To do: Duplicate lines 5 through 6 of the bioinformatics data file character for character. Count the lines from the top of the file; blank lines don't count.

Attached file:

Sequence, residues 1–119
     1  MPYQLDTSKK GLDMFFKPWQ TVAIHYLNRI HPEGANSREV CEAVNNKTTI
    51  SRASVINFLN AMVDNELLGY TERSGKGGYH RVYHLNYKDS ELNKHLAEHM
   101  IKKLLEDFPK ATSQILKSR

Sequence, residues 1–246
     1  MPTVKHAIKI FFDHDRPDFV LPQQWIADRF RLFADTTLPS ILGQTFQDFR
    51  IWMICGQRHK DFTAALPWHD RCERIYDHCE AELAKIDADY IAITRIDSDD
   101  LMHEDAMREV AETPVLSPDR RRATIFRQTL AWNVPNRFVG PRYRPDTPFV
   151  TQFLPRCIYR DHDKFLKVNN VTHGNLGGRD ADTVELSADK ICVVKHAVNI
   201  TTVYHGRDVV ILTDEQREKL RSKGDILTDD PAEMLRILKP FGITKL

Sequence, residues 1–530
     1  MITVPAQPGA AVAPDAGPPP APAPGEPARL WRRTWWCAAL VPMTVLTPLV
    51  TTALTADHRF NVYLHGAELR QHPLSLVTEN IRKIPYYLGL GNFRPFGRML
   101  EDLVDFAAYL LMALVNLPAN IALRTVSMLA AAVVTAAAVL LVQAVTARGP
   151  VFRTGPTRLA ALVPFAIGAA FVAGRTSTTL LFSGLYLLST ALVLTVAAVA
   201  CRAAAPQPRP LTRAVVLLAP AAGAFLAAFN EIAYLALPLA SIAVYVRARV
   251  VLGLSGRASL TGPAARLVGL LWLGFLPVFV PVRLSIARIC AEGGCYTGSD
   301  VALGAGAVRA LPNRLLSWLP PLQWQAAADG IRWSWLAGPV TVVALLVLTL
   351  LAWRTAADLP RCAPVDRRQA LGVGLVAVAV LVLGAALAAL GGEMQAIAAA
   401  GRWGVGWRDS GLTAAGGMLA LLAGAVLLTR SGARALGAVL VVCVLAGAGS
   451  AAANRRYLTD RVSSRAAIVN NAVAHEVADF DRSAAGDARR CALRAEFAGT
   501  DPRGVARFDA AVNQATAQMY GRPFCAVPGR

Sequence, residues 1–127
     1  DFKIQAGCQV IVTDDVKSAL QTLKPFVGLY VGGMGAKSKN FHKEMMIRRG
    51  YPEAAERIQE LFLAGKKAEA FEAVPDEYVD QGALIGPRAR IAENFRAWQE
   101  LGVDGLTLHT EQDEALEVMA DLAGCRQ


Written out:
Sequence, residues 1–246
     1  MPTVKHAIKI FFDHDRPDFV LPQQWIADRF RLFADTTLPS ILGQTFQDFR